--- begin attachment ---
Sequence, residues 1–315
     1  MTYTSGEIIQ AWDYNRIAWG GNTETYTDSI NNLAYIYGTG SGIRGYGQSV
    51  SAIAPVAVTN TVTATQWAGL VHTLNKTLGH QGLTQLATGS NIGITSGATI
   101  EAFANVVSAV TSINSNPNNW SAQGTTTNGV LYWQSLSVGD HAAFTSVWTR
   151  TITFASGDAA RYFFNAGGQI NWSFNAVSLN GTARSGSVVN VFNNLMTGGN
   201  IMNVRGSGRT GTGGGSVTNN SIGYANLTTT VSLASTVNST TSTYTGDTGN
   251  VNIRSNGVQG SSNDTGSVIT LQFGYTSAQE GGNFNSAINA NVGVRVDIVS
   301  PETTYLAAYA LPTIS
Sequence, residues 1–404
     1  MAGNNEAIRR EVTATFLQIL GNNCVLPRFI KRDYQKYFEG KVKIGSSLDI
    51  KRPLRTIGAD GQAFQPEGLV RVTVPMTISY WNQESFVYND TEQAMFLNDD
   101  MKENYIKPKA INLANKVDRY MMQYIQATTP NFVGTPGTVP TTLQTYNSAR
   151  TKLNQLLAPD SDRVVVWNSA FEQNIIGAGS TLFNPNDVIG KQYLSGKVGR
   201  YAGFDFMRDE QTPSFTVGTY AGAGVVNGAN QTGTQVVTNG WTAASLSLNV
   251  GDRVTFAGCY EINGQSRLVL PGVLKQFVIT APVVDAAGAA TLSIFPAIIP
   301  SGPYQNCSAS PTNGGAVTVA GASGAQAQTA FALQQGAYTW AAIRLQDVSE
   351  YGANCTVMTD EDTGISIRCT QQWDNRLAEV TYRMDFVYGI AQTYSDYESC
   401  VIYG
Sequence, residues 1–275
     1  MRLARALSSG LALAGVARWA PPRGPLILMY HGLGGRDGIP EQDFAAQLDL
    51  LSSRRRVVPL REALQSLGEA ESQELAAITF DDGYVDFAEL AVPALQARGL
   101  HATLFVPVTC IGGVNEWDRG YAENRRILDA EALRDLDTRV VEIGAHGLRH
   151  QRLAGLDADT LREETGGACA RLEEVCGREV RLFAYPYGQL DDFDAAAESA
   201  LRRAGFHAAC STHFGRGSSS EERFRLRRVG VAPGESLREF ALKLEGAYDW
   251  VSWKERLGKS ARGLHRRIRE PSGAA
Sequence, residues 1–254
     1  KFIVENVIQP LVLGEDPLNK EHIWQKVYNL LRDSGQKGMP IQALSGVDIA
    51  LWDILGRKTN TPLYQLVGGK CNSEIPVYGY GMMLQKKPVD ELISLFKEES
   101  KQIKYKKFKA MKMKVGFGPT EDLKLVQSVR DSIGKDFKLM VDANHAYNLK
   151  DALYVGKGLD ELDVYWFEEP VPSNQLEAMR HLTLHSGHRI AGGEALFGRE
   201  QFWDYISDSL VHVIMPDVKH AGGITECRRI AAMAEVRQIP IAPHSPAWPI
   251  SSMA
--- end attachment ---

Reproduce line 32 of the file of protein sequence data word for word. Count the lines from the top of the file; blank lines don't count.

   251  SSMA